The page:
“It was a great way to end my time there,” she said.
After graduating with a Bachelors of Science in Nutrition, Kearney decided to stay in America an additional year to pursue a masters in nutrition and dietetics. She was not a member of the track and field team at that time and realized how big the team atmosphere and programming was to her success as an athlete. When she returned home to Ireland in 2016, it was difficult to train as much as she was used to in college.
“It was hard to move from such a structured environment to trying to find a group to run with,” she said.
Kearney was self-coached while pursuing her career as a dietician and had to overcome the challenge of transferring her American degree to Ireland. She was not nearly as motivated without a team and structured programming, and wanted to focus on securing a job before jumping back into the sport. When she returned to competition, she said that she was not racing up to the quality and standards of her past. It wasn’t until a year ago that she moved from her family’s home in Greystones to Dublin and joined the Raheny Shamrock Athletic Club. With a mix of sessions with the team and training by herself, she has increased her confidence and enjoyment in running again.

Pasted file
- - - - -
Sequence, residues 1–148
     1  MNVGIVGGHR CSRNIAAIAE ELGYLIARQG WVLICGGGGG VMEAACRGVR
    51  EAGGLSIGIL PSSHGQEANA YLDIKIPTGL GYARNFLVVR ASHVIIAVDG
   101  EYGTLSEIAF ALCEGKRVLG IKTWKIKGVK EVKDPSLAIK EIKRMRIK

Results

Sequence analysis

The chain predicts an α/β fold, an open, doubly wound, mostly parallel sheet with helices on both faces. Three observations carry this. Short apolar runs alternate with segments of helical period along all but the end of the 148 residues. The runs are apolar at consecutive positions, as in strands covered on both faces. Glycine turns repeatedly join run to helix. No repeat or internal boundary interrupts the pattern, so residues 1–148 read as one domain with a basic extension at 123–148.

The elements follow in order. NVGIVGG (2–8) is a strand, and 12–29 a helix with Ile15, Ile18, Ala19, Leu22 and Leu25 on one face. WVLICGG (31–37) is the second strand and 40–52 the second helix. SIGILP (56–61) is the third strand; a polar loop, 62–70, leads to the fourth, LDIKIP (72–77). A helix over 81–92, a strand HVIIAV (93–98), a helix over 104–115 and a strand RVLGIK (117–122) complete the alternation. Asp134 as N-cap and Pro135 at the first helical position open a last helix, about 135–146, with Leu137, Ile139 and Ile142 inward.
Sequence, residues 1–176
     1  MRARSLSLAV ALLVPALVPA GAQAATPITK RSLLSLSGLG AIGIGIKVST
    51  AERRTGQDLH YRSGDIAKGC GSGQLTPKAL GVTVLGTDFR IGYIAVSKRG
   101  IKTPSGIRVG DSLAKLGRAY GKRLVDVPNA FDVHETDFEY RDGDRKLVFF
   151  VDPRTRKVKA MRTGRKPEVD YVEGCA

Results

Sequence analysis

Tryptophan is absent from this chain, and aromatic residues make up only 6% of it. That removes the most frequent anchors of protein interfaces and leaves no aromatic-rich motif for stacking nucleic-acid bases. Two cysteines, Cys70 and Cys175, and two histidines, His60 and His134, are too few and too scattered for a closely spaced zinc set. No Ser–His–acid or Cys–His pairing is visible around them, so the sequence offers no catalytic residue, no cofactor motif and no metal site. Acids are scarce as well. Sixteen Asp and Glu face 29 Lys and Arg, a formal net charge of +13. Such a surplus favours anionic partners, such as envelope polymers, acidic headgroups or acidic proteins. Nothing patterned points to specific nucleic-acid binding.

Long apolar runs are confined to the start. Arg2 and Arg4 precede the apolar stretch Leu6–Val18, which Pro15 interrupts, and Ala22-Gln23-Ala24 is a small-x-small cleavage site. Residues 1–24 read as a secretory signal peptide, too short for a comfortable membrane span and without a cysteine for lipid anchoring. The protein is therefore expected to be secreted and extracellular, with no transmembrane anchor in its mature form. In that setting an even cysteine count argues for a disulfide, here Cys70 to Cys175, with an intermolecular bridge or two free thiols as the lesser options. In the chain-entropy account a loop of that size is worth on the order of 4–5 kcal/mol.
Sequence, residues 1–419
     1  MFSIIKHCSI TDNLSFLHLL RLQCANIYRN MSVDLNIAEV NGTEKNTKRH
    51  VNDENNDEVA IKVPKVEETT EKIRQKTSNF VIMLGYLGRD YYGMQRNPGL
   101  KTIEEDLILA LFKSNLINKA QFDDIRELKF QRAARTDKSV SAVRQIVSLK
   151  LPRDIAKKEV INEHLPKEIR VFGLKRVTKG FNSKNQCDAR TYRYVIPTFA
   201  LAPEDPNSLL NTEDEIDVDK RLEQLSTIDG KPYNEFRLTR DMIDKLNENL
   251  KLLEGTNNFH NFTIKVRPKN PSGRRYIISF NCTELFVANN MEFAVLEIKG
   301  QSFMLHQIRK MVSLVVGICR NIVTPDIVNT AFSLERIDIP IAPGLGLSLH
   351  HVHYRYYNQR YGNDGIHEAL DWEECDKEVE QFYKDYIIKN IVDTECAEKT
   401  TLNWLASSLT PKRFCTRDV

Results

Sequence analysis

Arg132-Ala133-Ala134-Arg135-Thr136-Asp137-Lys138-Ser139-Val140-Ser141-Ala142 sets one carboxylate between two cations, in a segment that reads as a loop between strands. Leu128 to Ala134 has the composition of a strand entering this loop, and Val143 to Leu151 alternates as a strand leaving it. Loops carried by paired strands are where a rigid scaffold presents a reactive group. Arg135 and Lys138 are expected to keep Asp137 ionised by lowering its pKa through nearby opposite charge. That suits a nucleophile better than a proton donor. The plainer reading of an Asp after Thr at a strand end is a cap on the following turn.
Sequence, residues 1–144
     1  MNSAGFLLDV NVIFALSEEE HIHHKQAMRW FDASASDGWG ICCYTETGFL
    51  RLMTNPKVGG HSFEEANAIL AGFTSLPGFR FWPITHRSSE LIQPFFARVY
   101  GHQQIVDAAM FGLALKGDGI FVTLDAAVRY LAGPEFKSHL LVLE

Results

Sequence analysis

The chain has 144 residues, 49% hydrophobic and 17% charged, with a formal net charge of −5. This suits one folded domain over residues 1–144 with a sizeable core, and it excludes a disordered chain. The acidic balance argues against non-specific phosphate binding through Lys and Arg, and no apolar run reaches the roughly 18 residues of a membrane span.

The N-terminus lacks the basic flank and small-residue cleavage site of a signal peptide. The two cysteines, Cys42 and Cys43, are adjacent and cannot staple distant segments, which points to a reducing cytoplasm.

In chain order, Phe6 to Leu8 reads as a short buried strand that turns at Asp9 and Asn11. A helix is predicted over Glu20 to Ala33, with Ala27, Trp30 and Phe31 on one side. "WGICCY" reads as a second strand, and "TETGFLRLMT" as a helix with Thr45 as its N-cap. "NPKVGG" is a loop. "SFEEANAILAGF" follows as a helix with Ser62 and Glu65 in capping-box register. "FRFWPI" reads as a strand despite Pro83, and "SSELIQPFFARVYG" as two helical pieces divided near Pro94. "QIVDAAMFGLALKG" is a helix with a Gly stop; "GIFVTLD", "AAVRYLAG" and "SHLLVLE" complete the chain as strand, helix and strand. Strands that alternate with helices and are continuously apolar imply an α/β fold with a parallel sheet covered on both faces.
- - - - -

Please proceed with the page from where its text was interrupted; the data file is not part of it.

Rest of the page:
“There was a time when I thought I was finished with running,” she said, “But I am happy now and am enjoying my running.”
In the next few months, Kearney hopes to build her training back up but is not focusing on placing high in competition. She wants to improve on some of her PB’s and just enjoy the process. As with many sports, there is uncertainty in the upcoming season, Kearney will compete in a few races in August if they are still on the calendar.
Moving to a large city in the United States was a bold move for Kearney, but she loved her experience at Georgia State University. For those interested in becoming an international student athlete, she suggests having a backup school in Ireland but says to try to overcome any fears of studying in a different country. She says that America has a greater amount of support and she was happy with how much she improved as an athlete during her time there.
“You are going to be pushed to the best of your ability,” she said.